In the wake of the World Cup fiasco, Ozil announced his resignation from the national squad, saying: “I am German when we win, an immigrant when we lose”.
Erdogan often attends marriages in Turkey of celebrities, whom he particularly seeks out during election campaigns.
His presence at Ozil’s marriage comes ahead of a mayoral election in Istanbul on June 23, required after the original voting in March was annulled following a narrow victory for the main opposition Republican People’s Party.
The latest arrest order issued in 59 cities including Istanbul comes on the heels of police raids this week seeking to detain over 300 people including military personnel suspected of ties to coup plotters.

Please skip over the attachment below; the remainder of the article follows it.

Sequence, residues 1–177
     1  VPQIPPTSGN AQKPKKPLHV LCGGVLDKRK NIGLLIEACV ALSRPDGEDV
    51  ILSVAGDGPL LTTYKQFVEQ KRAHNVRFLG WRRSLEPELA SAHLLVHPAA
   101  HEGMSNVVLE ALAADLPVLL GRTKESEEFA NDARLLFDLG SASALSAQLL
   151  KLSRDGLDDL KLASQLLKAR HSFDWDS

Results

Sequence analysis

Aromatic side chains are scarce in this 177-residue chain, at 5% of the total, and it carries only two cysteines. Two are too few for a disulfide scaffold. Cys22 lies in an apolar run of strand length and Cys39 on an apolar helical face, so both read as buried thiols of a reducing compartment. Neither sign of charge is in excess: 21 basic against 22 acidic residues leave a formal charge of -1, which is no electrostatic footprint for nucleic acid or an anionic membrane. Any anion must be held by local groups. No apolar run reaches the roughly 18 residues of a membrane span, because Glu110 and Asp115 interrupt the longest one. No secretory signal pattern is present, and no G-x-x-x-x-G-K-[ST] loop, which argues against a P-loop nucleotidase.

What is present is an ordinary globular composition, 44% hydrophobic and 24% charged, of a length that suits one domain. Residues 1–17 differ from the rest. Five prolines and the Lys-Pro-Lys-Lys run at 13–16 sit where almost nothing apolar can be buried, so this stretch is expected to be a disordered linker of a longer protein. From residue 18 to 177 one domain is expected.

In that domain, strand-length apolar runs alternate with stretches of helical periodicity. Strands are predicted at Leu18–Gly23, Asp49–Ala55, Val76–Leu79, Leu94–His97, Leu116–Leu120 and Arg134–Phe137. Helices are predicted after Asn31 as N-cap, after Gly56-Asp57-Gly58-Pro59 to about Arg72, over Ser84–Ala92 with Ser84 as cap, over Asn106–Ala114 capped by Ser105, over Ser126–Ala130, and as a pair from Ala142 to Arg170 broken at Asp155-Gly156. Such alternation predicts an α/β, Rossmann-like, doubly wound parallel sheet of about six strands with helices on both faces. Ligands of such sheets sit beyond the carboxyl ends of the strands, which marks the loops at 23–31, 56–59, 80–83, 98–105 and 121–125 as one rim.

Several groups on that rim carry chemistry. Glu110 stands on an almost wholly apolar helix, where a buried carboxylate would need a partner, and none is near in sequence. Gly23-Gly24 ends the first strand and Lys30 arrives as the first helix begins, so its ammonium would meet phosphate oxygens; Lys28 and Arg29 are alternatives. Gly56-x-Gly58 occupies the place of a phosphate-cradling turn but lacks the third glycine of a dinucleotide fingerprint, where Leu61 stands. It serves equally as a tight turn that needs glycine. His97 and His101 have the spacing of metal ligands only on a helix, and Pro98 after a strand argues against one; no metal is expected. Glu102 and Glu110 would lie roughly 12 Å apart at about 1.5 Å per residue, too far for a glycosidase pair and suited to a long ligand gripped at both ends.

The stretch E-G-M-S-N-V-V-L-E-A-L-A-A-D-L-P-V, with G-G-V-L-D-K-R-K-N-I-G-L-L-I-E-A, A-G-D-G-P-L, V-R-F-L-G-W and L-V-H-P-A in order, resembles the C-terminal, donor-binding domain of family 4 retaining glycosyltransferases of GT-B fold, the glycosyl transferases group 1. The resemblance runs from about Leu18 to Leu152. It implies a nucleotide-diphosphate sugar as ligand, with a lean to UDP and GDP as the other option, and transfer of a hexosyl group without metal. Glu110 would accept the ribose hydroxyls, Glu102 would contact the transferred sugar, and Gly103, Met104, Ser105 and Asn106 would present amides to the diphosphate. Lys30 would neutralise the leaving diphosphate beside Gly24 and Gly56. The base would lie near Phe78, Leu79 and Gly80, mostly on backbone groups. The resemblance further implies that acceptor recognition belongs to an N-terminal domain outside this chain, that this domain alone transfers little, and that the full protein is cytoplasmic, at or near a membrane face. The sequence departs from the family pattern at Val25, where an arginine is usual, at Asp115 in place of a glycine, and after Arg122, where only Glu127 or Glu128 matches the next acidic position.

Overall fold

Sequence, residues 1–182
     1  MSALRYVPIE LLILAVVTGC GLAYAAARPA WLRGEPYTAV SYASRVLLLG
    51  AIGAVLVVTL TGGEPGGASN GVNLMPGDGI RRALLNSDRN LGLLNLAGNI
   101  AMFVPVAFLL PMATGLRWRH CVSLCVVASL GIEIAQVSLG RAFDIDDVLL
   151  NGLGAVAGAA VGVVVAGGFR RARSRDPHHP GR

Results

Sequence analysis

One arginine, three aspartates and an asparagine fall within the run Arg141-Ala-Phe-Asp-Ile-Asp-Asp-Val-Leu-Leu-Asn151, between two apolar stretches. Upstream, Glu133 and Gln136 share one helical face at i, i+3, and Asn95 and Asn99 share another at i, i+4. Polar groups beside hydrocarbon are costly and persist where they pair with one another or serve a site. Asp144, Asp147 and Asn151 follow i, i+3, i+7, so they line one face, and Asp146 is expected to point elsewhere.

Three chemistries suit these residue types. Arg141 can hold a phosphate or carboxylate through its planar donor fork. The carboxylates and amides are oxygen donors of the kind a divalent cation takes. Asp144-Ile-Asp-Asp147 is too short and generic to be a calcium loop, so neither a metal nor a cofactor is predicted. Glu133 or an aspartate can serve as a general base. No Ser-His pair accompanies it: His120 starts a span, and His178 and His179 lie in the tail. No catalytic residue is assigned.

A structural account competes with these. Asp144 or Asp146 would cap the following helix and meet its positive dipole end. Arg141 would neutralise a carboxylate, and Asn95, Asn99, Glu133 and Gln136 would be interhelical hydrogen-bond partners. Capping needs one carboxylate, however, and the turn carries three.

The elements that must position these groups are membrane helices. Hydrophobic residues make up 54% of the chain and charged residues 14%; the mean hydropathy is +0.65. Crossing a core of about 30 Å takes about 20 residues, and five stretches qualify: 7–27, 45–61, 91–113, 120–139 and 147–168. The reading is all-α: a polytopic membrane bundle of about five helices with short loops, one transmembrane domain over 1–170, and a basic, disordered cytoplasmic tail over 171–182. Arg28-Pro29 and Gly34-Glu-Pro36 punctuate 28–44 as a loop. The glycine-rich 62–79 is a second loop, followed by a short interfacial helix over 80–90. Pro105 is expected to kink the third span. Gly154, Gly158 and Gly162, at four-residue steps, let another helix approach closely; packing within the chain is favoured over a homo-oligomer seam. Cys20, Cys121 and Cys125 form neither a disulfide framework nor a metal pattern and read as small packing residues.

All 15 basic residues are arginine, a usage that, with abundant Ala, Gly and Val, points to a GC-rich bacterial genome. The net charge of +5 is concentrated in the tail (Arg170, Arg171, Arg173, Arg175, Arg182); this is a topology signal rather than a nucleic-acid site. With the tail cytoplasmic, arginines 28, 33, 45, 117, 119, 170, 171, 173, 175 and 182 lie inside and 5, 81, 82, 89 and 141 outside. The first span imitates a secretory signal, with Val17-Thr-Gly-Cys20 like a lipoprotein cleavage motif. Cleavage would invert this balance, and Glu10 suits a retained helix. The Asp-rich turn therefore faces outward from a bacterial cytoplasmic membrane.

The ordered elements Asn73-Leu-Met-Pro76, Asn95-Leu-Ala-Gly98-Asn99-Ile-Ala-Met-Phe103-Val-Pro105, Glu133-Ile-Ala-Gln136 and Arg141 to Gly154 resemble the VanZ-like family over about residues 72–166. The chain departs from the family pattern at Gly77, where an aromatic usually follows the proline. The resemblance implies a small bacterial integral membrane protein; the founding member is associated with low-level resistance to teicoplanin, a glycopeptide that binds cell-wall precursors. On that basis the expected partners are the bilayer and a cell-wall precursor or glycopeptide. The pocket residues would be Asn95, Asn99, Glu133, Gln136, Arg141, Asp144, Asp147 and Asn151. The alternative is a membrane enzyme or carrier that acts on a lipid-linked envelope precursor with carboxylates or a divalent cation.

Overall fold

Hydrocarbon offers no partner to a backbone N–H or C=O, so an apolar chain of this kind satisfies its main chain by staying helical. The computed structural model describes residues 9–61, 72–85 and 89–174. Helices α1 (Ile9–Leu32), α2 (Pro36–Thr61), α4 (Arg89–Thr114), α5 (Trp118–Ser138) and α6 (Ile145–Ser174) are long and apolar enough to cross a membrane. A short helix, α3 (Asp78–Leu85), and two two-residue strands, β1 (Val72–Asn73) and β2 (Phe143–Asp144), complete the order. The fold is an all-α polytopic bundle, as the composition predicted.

Turkish authorities carry out raids almost daily against people suspected of supporting Gulen.
Despite criticism from rights advocates over the magnitude of the crackdown, Ankara insists the raids are essential to remove Gulen’s alleged influence in state bodies.
Turkish President Recep Tayyip Erdogan on Tuesday accused the European Union of seeking to overthrow embattled Venezuelan leader Nicolas Maduro in defiance of “democracy.”
“On one side you will say ‘democracy, democracy, democracy’ and ‘ballot box, ballot box, ballot box’ and later you will dare to topple the government by violence and ruse,” Erdogan told his ruling party lawmakers in parliament, referring to the European Union.